Frankie Valli & the Four Seasons there was far more substance to the group’s music than some would assume.

The songs contained within don’t offer many clues, either. Here was a band who just five years earlier had topped the pop charts with “Dawn (Go Away),” which contained wide-eyed lyrics like: “I want you to think what your family would say / Think what you’re throwing away / Now think what the future would be / With a poor boy like me.” 

Compare that to the opening lines of “American Crucifixion”: “Unbound slaves stand outside the gate / With lengths of broken chain they wait / Empty stomachs filled with hate / No one told the heads of state / The prince of peace is sleeping late.”

Besides its civil rights and anti-war lyrics, the album also boasted innovative chamber-pop arrangements and gorgeous vocal harmonies that, in their best moments, rivaled The Beach Boys’ â€œPet Sounds.” Small wonder that Brian Wilson and John Lennon both numbered it among their favorite albums. 

2. Chameleon: The Four Seasons signed to Motown for this appropriately titled 1972 album, which took the Motor City Sound in previously unexplored directions. The must-hear track is “The Night,” a bass-heavy single that could practically be mistaken for the German trance band Can, at least until the group’s trademark harmonies barge in at the half-minute mark.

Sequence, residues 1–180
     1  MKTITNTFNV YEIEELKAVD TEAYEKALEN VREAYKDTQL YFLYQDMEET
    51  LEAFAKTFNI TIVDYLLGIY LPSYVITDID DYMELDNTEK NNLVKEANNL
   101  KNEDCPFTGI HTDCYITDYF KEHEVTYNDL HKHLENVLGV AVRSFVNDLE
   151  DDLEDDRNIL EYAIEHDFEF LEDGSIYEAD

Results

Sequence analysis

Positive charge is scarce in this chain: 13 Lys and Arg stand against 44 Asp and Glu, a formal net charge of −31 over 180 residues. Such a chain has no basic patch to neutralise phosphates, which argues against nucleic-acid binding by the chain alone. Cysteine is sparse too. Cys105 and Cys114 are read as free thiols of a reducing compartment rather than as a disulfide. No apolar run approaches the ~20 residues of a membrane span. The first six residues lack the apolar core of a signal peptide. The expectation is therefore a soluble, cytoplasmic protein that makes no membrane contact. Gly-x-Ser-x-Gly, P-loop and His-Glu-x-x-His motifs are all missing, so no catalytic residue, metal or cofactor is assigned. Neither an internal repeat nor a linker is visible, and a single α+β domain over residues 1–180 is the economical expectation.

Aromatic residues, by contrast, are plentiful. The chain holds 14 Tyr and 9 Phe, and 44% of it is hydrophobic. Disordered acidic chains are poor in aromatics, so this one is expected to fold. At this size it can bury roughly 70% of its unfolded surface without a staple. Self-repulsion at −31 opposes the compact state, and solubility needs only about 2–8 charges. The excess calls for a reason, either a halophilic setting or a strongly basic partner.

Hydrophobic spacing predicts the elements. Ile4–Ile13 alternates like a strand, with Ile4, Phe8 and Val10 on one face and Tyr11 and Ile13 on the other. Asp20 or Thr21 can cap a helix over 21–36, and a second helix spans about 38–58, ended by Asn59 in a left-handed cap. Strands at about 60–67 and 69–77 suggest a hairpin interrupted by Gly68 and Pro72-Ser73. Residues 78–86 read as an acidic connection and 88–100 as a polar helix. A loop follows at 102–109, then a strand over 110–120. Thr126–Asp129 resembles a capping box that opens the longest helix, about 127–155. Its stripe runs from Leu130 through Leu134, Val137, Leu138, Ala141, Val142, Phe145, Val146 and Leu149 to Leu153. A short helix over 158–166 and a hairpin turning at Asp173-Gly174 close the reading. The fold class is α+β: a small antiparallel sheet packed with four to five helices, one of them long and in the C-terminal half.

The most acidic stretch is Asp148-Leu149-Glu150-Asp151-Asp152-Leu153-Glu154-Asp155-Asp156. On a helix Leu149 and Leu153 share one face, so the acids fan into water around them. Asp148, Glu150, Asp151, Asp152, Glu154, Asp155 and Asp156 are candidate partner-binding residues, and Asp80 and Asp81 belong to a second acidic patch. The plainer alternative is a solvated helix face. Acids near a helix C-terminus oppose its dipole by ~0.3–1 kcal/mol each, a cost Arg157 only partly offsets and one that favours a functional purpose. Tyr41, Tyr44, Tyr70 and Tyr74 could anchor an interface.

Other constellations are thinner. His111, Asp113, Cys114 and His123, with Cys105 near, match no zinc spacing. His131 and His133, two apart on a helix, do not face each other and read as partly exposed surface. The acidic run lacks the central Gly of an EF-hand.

The single never charted in America, but it did become an underground hit in Britain’s Northern Soul scene, where dance-club deejays would tape white labels over their vinyl singles so that rival crate-diggers couldn’t see what they were playing. Nearly three years later, “The Night” reached No. 7 on the UK singles chart. It has since been covered by Lene Lovich, Soft Cell, and Pulp.

3. Watertown: You won’t find this one on any Four Seasons playlist, mainly because they didn’t record it. â€œWatertown” was a concept album that Gaudio co-wrote and produced for Frank Sinatra while the Four Seasons were on hiatus. A profoundly moving song-suite with a storyline that I won’t ruin here, it was singled out by â€œThe Paris Review” as Sinatra’s best album, his most enduring contribution to American culture, and his “one chance to be truly felt by listeners hundreds of years from now.” By this point, Sinatra had more than fifty albums under his belt. This would be the first to not make it into the Top 100. 

4. Can’t Take My Eyes Off You: The fourth reason to respect America’s best-known white vocal group is that they have, well, soul. “Can’t Take My Eyes Off of You” — a 1967 single written and produced by Gaudio and Bob Crewe that was released under Frankie Valli’s name — has since been covered by nearly 200 artists, from Isaac Hayes and Aretha Franklin to Nancy Wilson and Lauryn Hill

So there you have it. If you’re still not convinced that The Four Seasons are worth taking seriously, that’s fine. But you’re missing out.